Tuesday, April 7, 2009

Our Utility Networks are Vulnerable?

Siobhan Gorman, WSJ:
Cyberspies have penetrated the U.S. electrical grid and left behind software programs that could be used to disrupt the system, according to current and former national-security officials.

The spies came from China, Russia and other countries, these officials said, and were believed to be on a mission to navigate the U.S. electrical system and its controls. The intruders haven't sought to damage the power grid or other key infrastructure, but officials warned they could try during a crisis or war.
Of course they would. It would be leverage against us (i.e. we will take out your power if you don't...) or a way of creating mass havoc at a time of war or invasion.

With this latest in a string of very serious revelations about the threats posed by Russia and China, not jut Iran and North Korea, we will of course hear the same responses:

-These intrusions are coming from individuals, not governments.
-What reasons would Russia and China have to compromise our security?
-I'm more afraid of this being used to deny us our civil liberties.
The sophistication of the U.S. intrusions -- which extend beyond electric to other key infrastructure systems -- suggests that China and Russia are mainly responsible, according to intelligence officials and cybersecurity specialists. While terrorist groups could develop the ability to penetrate U.S. infrastructure, they don't appear to have yet mounted attacks, these officials say.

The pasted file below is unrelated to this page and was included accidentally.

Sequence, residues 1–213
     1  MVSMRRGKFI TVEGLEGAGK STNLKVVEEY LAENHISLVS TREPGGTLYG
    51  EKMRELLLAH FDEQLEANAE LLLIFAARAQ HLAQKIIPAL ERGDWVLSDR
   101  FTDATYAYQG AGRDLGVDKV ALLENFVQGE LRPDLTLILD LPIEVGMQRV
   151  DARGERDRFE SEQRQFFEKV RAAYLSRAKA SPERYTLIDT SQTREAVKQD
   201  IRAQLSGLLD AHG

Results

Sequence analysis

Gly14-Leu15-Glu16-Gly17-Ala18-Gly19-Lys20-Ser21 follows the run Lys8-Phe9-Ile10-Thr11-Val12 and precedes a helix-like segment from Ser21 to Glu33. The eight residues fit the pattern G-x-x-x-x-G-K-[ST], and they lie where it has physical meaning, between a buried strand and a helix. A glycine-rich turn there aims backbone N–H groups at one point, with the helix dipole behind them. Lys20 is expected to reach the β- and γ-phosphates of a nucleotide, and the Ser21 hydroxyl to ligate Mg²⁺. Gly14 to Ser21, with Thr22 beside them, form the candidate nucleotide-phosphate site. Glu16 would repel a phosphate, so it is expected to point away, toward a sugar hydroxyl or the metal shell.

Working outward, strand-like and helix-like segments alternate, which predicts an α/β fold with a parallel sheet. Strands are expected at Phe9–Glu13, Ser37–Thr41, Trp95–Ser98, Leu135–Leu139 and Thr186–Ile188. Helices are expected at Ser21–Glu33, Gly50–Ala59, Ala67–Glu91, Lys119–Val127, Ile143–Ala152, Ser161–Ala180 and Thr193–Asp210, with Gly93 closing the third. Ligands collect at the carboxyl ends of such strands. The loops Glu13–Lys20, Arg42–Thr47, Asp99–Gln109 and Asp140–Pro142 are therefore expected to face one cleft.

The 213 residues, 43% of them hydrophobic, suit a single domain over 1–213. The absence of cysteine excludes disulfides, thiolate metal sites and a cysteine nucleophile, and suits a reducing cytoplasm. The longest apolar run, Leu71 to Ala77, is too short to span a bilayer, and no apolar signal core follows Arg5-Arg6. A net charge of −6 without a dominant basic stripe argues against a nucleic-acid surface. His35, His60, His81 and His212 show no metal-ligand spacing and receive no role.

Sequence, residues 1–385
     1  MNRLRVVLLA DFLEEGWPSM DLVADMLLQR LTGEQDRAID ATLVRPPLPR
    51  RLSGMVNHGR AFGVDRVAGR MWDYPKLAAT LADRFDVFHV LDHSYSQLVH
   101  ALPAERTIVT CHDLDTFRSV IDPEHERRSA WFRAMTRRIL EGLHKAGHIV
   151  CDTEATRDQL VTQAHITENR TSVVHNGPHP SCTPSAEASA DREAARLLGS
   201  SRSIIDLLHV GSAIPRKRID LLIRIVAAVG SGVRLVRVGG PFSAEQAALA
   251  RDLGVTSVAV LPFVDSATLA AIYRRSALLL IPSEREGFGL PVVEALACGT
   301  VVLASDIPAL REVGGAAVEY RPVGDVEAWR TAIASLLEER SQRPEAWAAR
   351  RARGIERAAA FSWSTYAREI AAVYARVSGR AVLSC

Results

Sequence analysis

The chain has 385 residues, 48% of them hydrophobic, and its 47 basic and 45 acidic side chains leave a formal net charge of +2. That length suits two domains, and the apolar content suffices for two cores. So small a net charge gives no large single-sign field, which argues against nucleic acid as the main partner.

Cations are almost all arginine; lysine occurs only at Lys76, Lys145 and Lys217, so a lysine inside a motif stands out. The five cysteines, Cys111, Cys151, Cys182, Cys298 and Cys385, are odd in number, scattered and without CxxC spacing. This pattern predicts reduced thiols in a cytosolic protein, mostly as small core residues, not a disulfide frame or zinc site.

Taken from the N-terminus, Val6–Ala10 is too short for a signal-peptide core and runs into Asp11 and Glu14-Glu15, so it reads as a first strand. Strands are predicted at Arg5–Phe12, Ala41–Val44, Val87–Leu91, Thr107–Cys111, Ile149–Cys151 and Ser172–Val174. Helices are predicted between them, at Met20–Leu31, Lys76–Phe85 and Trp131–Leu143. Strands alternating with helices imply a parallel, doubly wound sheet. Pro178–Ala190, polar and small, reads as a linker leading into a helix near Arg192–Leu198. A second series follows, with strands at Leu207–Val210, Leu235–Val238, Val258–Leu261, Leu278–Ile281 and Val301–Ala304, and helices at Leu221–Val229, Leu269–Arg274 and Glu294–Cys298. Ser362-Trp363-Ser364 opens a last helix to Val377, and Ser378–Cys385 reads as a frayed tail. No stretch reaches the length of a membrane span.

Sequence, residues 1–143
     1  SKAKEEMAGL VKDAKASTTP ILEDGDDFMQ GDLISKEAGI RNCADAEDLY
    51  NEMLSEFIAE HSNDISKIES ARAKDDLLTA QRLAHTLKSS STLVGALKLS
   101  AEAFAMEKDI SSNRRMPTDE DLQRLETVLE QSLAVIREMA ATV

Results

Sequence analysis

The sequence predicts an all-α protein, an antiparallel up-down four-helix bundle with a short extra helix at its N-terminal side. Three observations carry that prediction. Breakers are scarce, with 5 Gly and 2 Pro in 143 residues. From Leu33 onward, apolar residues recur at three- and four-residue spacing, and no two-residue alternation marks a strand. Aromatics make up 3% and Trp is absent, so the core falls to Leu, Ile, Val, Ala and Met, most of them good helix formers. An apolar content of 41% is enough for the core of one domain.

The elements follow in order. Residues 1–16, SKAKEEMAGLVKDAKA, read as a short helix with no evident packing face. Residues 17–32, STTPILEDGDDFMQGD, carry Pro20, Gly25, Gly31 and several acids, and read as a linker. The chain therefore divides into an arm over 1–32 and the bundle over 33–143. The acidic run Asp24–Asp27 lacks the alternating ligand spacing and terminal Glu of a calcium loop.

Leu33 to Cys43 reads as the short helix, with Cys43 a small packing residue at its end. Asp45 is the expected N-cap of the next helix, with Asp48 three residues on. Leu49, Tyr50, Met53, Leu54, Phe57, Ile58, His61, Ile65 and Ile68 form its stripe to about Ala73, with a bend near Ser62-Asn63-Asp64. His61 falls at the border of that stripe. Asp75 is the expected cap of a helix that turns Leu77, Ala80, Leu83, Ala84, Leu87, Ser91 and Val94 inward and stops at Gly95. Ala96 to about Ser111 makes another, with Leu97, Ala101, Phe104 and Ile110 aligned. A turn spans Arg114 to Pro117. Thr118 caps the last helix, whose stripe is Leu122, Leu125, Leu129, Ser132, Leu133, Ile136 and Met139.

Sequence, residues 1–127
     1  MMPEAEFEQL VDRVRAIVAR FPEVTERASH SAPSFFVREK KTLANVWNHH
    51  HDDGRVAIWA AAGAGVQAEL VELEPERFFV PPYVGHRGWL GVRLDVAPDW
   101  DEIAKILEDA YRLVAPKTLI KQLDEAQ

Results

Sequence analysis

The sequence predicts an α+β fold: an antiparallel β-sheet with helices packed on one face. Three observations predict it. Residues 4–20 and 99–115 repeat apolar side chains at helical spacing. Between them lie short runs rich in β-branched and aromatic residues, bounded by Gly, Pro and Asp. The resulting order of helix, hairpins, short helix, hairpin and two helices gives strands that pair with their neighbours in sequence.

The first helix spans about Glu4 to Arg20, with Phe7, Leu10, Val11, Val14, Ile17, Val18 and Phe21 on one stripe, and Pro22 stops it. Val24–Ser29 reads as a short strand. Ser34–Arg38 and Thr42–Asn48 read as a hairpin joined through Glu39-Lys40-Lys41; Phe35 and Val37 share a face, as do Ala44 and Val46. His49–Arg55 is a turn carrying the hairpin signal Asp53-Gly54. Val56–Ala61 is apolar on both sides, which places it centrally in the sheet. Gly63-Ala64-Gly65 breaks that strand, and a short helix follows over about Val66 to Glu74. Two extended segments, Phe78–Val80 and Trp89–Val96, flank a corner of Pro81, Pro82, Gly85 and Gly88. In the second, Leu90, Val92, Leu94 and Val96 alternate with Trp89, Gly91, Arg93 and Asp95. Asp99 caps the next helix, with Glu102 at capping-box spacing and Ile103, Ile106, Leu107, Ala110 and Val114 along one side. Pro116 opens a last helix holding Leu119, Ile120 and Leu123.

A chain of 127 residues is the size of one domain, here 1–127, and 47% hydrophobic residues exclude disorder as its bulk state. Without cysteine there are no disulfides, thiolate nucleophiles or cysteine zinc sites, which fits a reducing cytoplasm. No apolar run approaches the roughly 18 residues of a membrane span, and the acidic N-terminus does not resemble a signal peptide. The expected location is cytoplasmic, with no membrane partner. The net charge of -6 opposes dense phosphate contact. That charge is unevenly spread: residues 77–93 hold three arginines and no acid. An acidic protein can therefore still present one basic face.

As in the recent news about Chinese worms, private computer network intrusions and theft of sensitive information, the attacks are marked by 'sophistication.' Either the Russians and Chinese are doing a poor job of making their preparations look like the work of individuals, or they are unable to fool our own sophisticated analysts. One thing, however, is certain:
Officials cautioned that the motivation of the cyberspies wasn't well understood, and they don't see an immediate danger.
Our own lack of perspective on these events is the real problem. The Spartans (Russia and China) will do what the Spartans will do. It is the free world that must be on alert.

Unfortunately, we will only squabble amongst ourselves and vote in European trans-nationalists who think defending one's country is bigoted and fascistic, down to the very day when Russia or China would use these methods to compromise us. We better hope that they have no such plans, that everything that has been happening recently is simply evidence of increased surveillance and intelligence work, routine and ordinary and not part of any strategy to attack us. Just as we want to be stronger than they, after all, they want to be stronger than us.

They wouldn't even have to try very hard. They can just say "Iran poses no threat," and we believe it, or half the country believes it. In fact they take our own words and arguments, which may have come from them in the first place in some respect, and throw them right back at us, and we take it as original and unique.

"This president," the Russians say. "We can work with him." Indeed. "Some people in the U.S. still have a Cold War mentality." Indeed again.
It is nearly impossible to know whether or not an attack is government-sponsored because of the difficulty in tracking true identities in cyberspace. U.S. officials said investigators have followed electronic trails of stolen data to China and Russia.